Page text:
Tips for the Long-Distance Caregiver

Caregiving from afar is no easy task.
Here are some helpful tips to keep in mind while contemplating caring for your
parent from a distance.
a Contact List

Assemble address and phone numbers of friends, neighbors, doctors, faith
leaders and others in regular contact with your parents who can be reached in
the event of an emergency. Include at least one person close by who can easily
check in on your loved one. Consider giving this person a key to the home if
your loved one approves. If you don’t already know them, introduce yourself
during a visit to establish relationships should you need to reach out. Give
one copy of this list to your loved one and keep a copy for yourself. These
folks may also be able to help out with shopping, transportation or visits.

Important Information Before a Crisis

Keep the following information organized and easy to reach in the event of a
  •         Medical records.
  •          Notes on their condition.
  •          A list of medications they take.
  •          Names and phone numbers of all
  •          Name and phone number of their


  •          A list of insurance policies, the
    carriers and account numbers.
  •          Company names and phone numbers for
    all utilities, including electric, phone, cable and Internet.


  •          A list of all assets and debts
    (include dollar values).
  •          Yearly or monthly income.
  •          Yearly or monthly expenses.
  •          A statement of net worth.
  •          Information on bank accounts, other
    financial holdings and credit cards.


  •         Relevant legal documents your loved
    one has or wants to create (i.e. wills, advance directives, trusts,   power(s) of
  •          Location of important documents
    (i.e. birth certificates, deed to home).
  •          Social Security numbers.

Make Visits Productive

Visiting your parent or loved one should be an enjoyable event. But take
advantage of your time together to assess their changing needs.

Before your visit, decide together
with your loved ones what needs to be taken care of while you’re there,
including scheduling any necessary appointments.
  •          Make a list of household items that
    need to be purchased and, if possible, go out and buy them.
  •          Allow time to go through mail and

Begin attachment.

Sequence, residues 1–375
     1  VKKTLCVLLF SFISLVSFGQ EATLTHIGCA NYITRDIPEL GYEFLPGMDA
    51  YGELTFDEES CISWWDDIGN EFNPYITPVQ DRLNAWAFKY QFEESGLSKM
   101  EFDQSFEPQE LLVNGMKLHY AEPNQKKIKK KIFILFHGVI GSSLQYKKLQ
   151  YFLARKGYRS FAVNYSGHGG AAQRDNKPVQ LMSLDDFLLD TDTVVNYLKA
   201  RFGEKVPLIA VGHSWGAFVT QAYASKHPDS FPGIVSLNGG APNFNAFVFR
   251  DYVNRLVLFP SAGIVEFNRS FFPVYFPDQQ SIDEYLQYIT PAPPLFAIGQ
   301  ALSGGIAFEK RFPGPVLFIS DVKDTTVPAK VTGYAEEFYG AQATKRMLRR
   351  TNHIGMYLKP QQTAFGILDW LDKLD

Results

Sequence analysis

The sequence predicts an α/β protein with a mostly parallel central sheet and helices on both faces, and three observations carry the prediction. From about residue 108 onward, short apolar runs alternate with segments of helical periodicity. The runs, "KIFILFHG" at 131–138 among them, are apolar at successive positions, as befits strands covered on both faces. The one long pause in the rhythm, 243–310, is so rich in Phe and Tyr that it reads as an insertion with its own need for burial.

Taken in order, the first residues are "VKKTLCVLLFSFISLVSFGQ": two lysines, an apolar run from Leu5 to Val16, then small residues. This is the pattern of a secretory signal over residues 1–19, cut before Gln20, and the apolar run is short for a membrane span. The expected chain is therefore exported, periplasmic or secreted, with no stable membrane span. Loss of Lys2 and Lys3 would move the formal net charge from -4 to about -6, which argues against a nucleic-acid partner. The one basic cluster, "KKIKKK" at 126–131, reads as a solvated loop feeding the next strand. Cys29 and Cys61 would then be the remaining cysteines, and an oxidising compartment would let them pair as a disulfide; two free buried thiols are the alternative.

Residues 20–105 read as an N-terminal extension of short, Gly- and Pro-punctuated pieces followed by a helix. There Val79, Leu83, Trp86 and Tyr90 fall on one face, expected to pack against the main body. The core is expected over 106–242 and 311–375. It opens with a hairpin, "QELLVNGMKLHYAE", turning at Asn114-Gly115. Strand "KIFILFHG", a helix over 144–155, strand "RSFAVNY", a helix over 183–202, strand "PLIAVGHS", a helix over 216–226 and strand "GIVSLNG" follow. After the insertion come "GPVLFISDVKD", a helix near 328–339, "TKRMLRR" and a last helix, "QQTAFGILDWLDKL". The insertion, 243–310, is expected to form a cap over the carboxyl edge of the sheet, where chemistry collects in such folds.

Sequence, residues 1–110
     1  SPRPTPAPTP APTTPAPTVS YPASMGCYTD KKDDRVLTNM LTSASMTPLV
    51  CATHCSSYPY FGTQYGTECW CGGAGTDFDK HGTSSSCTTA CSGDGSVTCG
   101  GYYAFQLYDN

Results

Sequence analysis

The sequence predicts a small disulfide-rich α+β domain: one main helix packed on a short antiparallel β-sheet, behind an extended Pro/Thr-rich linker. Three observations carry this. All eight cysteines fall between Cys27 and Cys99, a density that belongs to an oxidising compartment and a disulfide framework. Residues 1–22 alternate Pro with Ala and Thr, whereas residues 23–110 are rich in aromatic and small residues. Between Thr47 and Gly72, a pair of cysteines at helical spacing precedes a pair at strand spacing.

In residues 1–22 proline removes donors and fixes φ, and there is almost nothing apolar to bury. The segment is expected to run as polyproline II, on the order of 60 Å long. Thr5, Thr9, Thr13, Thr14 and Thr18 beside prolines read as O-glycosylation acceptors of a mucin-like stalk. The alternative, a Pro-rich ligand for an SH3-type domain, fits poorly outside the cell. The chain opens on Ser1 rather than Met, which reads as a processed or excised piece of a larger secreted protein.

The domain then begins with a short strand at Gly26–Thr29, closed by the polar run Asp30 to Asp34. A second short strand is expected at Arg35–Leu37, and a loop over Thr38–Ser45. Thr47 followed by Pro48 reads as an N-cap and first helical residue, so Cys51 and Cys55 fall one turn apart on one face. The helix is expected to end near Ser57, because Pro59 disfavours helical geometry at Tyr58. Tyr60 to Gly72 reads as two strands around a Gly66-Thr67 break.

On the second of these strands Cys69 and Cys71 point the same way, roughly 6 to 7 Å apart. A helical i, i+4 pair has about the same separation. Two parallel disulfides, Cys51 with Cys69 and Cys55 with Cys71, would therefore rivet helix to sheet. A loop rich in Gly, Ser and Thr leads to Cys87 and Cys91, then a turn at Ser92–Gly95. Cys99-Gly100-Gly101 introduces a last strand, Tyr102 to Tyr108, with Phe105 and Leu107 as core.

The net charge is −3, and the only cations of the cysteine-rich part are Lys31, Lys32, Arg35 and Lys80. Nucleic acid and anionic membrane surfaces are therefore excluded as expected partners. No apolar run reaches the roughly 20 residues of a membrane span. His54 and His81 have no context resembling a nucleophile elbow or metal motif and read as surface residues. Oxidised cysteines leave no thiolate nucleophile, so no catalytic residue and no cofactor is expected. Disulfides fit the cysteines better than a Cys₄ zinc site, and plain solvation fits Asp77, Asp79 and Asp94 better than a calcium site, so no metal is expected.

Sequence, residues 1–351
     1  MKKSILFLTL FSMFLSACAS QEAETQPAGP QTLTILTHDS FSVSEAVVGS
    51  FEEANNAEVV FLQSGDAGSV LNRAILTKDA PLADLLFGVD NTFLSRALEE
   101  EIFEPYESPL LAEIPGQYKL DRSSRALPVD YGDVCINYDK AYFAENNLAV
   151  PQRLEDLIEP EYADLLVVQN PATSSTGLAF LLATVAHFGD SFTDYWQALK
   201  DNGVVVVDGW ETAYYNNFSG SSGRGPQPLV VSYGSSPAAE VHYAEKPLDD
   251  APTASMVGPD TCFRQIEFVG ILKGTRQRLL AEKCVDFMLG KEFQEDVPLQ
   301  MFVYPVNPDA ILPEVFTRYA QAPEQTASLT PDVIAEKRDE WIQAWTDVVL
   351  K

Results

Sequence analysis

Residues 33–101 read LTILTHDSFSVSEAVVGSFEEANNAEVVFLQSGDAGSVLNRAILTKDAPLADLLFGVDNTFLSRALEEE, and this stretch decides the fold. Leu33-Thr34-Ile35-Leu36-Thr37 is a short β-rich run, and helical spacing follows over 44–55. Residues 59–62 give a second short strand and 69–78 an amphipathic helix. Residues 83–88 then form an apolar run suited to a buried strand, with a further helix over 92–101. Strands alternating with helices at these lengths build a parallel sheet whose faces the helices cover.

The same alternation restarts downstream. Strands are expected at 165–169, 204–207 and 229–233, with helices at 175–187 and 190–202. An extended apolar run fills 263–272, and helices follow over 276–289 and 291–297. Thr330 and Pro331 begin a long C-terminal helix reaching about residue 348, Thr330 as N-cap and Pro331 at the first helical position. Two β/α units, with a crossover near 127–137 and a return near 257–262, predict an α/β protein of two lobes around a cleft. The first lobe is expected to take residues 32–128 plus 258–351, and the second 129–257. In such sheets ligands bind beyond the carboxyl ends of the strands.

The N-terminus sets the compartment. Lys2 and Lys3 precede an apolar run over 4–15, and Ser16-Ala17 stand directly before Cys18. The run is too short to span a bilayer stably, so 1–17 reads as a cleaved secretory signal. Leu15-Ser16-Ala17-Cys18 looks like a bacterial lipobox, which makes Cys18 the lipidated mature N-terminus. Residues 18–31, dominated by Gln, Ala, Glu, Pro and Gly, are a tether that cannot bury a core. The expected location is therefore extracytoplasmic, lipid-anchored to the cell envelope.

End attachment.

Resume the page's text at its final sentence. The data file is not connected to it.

old papers. 
  •          Take note of anything out of the
    ordinary and of what they eat. Check to see what they have in their
    refrigerator and pantry and if it’s sufficient.
  •          Look out for safety hazards such as
    loose rugs, missing handrails or poor lighting.

During your visits, you may start to realize that more help is needed on a
regular basis. Think about your parent’s daily needs and whether they are still
being adequately met.  Are they:
  •          Socializing with friends and other
  •          Attending religious services or
    other regular events?
  •          Keeping up with chores or
  •          Maintaining their personal
    appearance and hygiene?
  •          Eating well with a variety of foods
    in the house?
  •          Opening and responding to
    correspondence from insurers, banks or others?
  •          Paying bills and balancing the
  •          Scheduling and getting to doctor
    appointments or other important visits?
  •          Getting out to the store or
    recreational activities?
  •         Maintaining the home?
  •         Taking medication as directed?

If not,
consider additional resources to ensure your loved one is maintaining their
normal routine and staying on top of finances, mail and medications.
Be sure,
however, to spend time enjoying each other’s company, too. A visit that is all
business won’t be good for anyone.
Information on Community Services

Based on your observations and discussions with your parents, you may want to
look into services in their community that could help them.  Start by
using the Eldercare Locator to
determine which local agencies provide services where your parents live. It
will refer you to the area agency on aging in your parent’s community. Look for
services that fit the needs of your loved ones as well as an organization that
can work with you long distance. Take notes on the services offered, the
application process, waiting lists and fees. If an organization requires an
in-person interview with your parent, find out what documents you will need
prior to the meeting and whether copies will be sufficient. If you can’t be
with your parent at the meeting, consider having one of their emergency
contacts stand in for you. You might be able to join the conversation by
telephone. Make a list of questions you want answered and be sure to have a
contact person to follow up with.
into Public Benefits Online

You can now go online and safely and conveniently get an idea of the different
public assistance programs for which your parents might be eligible. By using
Benefits QuickLINK you can
find helpful state, federal and private benefits programs available where your
parents live. By answering a few questions, you will get fact sheets,
applications and websites for programs that can help them save money and cover
costs of everyday expenses.
Help with Managing the Care

Most communities have professionals who can gauge your loved one’s abilities
and needs and set up a plan for care. You can find this assistance through
government-funded programs by using the Eldercare Locator.
Another option is to hire a private geriatric care manager. A number of